However, AMC does have two things on its side: a great management team that even furloughed itself to save money, and a high stock price that could let the company raise more capital.

That said, given the company’s big obligations and increasingly diluted stock, I’ll be cheering for them from the sidelines.

For more on AMC and the Wallstreetbets phenonmenon, check out these posts:

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Photo: “The Rent is too Damn High.” by TenSafeFrogs is licensed under CC BY 2.0

Second Short Squeeze Is On As GameStop Triples in 1 Day

GameStop shares have tripled in under 24 hours. Naturally, the blue chip investors behind the rise had a solid case for their optimism. After all, what about the ice cream cone?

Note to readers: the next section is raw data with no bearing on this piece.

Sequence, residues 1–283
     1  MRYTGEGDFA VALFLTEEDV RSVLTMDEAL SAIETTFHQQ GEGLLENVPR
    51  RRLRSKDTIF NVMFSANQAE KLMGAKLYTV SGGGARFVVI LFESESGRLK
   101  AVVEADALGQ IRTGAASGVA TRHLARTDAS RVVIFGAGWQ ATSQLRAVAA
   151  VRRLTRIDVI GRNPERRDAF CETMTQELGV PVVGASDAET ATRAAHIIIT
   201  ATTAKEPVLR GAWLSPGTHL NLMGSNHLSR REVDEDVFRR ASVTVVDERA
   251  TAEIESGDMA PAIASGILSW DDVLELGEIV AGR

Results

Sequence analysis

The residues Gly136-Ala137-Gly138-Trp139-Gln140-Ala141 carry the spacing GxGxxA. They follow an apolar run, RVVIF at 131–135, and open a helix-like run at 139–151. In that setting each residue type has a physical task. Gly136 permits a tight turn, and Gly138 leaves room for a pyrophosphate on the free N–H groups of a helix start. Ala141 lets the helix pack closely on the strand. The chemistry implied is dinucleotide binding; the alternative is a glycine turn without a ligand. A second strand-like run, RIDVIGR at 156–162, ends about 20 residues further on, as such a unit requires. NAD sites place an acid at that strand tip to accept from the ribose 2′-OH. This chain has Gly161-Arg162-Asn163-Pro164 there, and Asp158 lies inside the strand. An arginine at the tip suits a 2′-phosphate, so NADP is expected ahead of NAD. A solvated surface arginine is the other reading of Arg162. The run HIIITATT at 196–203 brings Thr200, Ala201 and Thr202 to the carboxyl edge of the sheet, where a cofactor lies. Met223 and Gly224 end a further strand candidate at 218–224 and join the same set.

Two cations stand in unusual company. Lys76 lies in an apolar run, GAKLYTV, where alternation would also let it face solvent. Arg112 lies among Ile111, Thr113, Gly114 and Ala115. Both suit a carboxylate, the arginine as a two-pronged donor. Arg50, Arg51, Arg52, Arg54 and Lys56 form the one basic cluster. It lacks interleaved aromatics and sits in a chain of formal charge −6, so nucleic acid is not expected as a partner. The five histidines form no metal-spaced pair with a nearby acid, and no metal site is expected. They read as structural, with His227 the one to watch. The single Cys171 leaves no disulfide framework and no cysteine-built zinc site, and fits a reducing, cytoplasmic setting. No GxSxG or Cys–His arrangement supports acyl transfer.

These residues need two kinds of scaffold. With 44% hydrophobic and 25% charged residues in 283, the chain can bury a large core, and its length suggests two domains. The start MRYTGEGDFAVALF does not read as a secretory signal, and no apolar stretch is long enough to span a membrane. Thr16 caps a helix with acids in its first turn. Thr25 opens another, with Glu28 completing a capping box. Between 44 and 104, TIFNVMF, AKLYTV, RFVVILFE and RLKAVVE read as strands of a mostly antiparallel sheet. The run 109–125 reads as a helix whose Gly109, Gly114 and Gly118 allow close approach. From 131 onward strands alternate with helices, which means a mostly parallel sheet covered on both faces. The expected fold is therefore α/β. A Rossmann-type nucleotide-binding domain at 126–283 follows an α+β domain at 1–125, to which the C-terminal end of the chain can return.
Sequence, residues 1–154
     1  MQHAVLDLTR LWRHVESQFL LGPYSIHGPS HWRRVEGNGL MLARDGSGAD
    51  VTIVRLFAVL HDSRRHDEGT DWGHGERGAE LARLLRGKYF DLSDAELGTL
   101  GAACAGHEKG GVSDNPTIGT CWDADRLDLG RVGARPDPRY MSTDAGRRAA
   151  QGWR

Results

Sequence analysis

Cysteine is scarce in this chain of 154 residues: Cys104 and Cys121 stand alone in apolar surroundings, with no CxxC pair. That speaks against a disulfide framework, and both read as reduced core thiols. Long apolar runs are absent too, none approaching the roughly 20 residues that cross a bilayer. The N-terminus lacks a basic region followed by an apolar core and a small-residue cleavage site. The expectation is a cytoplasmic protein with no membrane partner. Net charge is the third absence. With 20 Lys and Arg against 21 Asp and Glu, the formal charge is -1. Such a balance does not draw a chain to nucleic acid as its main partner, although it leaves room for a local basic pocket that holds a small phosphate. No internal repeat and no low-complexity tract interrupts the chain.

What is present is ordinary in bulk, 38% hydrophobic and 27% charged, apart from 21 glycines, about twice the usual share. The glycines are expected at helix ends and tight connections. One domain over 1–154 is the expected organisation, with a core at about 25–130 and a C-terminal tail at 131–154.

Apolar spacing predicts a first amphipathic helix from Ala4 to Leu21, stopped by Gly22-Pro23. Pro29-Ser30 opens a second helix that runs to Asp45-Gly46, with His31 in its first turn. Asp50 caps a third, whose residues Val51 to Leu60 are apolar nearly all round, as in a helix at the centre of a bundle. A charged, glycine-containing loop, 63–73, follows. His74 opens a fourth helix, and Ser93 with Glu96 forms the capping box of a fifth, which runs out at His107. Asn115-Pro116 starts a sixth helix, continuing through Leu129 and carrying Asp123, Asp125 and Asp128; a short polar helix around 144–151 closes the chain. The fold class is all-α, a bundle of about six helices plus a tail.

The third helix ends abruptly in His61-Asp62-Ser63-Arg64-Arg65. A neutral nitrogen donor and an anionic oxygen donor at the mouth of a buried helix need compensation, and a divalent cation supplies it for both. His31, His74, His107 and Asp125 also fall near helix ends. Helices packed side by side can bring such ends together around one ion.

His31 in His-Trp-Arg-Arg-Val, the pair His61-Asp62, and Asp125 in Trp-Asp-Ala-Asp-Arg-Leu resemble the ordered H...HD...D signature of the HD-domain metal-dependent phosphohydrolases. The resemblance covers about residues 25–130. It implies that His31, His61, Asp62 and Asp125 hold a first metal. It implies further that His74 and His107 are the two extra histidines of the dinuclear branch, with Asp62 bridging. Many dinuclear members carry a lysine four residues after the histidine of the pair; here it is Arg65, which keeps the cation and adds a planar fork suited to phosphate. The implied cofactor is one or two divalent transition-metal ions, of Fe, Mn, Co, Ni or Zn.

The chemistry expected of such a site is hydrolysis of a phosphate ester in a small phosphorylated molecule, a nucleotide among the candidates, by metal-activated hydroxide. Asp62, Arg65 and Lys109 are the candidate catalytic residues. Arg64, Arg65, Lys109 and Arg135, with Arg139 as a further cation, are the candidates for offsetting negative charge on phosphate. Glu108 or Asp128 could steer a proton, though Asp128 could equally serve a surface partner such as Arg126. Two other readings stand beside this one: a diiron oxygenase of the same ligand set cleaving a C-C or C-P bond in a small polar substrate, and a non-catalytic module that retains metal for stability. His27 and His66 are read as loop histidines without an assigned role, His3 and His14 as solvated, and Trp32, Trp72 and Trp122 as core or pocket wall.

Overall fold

Believe it or not, a GameStop board member posting a picture of a McDonald’s ice cream cone is one theory being bandied about to explain the red hot rally. Maybe it’s a sign? Or…maybe he just likes ice cream.

Also, the CFO was pushed out shortly before this rally, but it’s entirely unclear what that means for the company’s strategy.

There is no case for this rise based on the fundamentals, but there may be a technical one. I wrote about the possibility of a second short squeeze recently, and it may be happening. Shares short as a percentage of the float (stock that can be traded without restrictions) remains at 78%. Short sellers are losing a fortune:

Short-sellers are estimated to have lost $818 million on Wednesday from their bearish bets on videogame maker Gamestop